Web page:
But Hiddensee is not just a retelling of a classic story. Maguire discovers in the flowering of German Romanticism ties to Hellenic mystery-cults — a fascination with death and the afterlife — and ponders a profound question: How can a person who is abused by life, shortchanged and challenged, nevertheless access secrets that benefit the disadvantaged and powerless? Ultimately, Hiddensee offers a message of hope. If the compromised Godfather Drosselmeier can bring an enchanted Nutcracker to a young girl in distress on a dark winter evening, perhaps everyone, however lonely or marginalized, has something precious to share.
Seven Days of Us by Francesca Hornak
It’s Christmas, and for the first time in years the entire Birch family will be under one roof. Even Emma and Andrew’s elder daughter — who is usually off saving the world — will be joining them at Weyfield Hall, their aging country estate. But Olivia, a doctor, is only coming home because she has to. Having just returned from treating an epidemic abroad, she’s been told she must stay in quarantine for a week… and so too should her family.
For the next seven days, the Birches are locked down, cut off from the rest of humanity — and even decent Wi-Fi — and forced into each other’s orbits. Younger, unabashedly frivolous daughter Phoebe is fixated on her upcoming wedding, while Olivia deals with the culture shock of being immersed in first-world problems.
As Andrew sequesters himself in his study writing scathing restaurant reviews and remembering his glory days as a war correspondent, Emma hides a secret that will turn the whole family upside down.
In close proximity, not much can stay hidden for long, and as revelations and long-held tensions come to light, nothing is more shocking than the unexpected guest who’s about to arrive…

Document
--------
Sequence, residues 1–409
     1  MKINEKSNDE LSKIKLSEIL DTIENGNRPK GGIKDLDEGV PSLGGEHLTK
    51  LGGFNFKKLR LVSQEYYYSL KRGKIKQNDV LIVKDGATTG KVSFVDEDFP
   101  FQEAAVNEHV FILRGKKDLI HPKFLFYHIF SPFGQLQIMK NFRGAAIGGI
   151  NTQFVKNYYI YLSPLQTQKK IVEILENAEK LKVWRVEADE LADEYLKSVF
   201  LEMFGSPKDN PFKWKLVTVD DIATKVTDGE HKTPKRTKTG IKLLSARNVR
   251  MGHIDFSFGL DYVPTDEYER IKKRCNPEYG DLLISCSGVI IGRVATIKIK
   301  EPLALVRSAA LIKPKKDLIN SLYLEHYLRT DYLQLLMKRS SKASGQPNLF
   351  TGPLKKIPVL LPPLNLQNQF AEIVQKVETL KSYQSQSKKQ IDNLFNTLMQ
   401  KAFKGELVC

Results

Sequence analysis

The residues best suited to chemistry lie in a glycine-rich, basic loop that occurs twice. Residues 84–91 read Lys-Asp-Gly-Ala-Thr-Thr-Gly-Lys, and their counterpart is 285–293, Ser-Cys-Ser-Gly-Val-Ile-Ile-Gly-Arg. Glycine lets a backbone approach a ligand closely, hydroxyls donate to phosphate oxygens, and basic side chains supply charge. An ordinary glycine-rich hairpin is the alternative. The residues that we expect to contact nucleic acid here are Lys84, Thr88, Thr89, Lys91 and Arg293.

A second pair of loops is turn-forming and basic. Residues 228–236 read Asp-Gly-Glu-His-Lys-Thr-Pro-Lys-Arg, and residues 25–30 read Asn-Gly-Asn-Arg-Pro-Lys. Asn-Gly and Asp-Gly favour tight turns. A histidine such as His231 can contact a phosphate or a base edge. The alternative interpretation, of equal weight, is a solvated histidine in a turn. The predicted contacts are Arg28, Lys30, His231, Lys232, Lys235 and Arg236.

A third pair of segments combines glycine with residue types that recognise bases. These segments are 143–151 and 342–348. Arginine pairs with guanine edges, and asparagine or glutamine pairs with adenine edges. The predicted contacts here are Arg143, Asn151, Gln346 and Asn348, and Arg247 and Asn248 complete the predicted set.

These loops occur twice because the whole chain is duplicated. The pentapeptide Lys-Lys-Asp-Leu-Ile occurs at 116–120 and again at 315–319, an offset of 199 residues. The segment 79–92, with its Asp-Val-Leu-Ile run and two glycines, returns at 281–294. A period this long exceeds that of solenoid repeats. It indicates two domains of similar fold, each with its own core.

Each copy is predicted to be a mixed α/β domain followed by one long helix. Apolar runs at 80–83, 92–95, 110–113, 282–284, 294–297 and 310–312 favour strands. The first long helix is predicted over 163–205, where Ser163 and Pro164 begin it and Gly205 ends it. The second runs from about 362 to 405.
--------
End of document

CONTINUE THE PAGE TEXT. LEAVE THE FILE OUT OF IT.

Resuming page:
Christmas Bells by Jennifer Chiaverini
In 1860, the Henry Wadsworth Longfellow family celebrated Christmas at Craigie House, their home in Cambridge, Massachusetts. The publication of Longfellow’s classic Revolutionary War poem, “Paul Revere’s Ride,” was less than a month hence, and the country’s grave political unrest weighed heavily on his mind. Yet with his beloved wife, Fanny, and their five adored children at his side, the delights of the season prevailed.
In present-day Boston, a dedicated teacher in the Watertown public school system is stunned by somber holiday tidings. Sophia’s music program has been sacrificed to budget cuts, and she worries not only about her impending unemployment but also about the consequences to her underprivileged students. At the church where she volunteers as music director, Sophia tries to forget her cares as she leads the children’s choir in rehearsal for a Christmas Eve concert. Inspired to honor a local artist, Sophia has chosen a carol set to a poem by Longfellow, moved by the glorious words he penned one Christmas Day long ago, even as he suffered great loss.
Christmas Bells chronicles the events of 1863, when the peace and contentment of Longfellow’s family circle was suddenly, tragically broken, cutting even deeper than the privations of wartime. Through the pain of profound loss and hardship, Longfellow’s patriotism never failed, nor did the power of his language. “Christmas Bells,” the poem he wrote that holiday, lives on, spoken as verse and sung as a hymn.
Jennifer Chiaverini’s resonant and heartfelt novel for the season reminds us why we must continue to hear glad tidings, even as we are tested by strife. Reading Christmas Bells evokes the resplendent joy of a chorus of voices raised in reverent song.
Skipping Christmas by John Grisham
Luther and Nora Krank are fed up with the chaos of Christmas. The endless shopping lists, the frenzied dashes through the mall, the hassle of decorating the tree… where has all the joy gone? This year, celebrating seems like too much effort. With their only child off in Peru, they decide that just this once, they’ll skip the holidays. They spend their Christmas budget on a Caribbean cruise set to sail on December 25, and happily settle in for a restful holiday season free of rooftop snowmen and festive parties.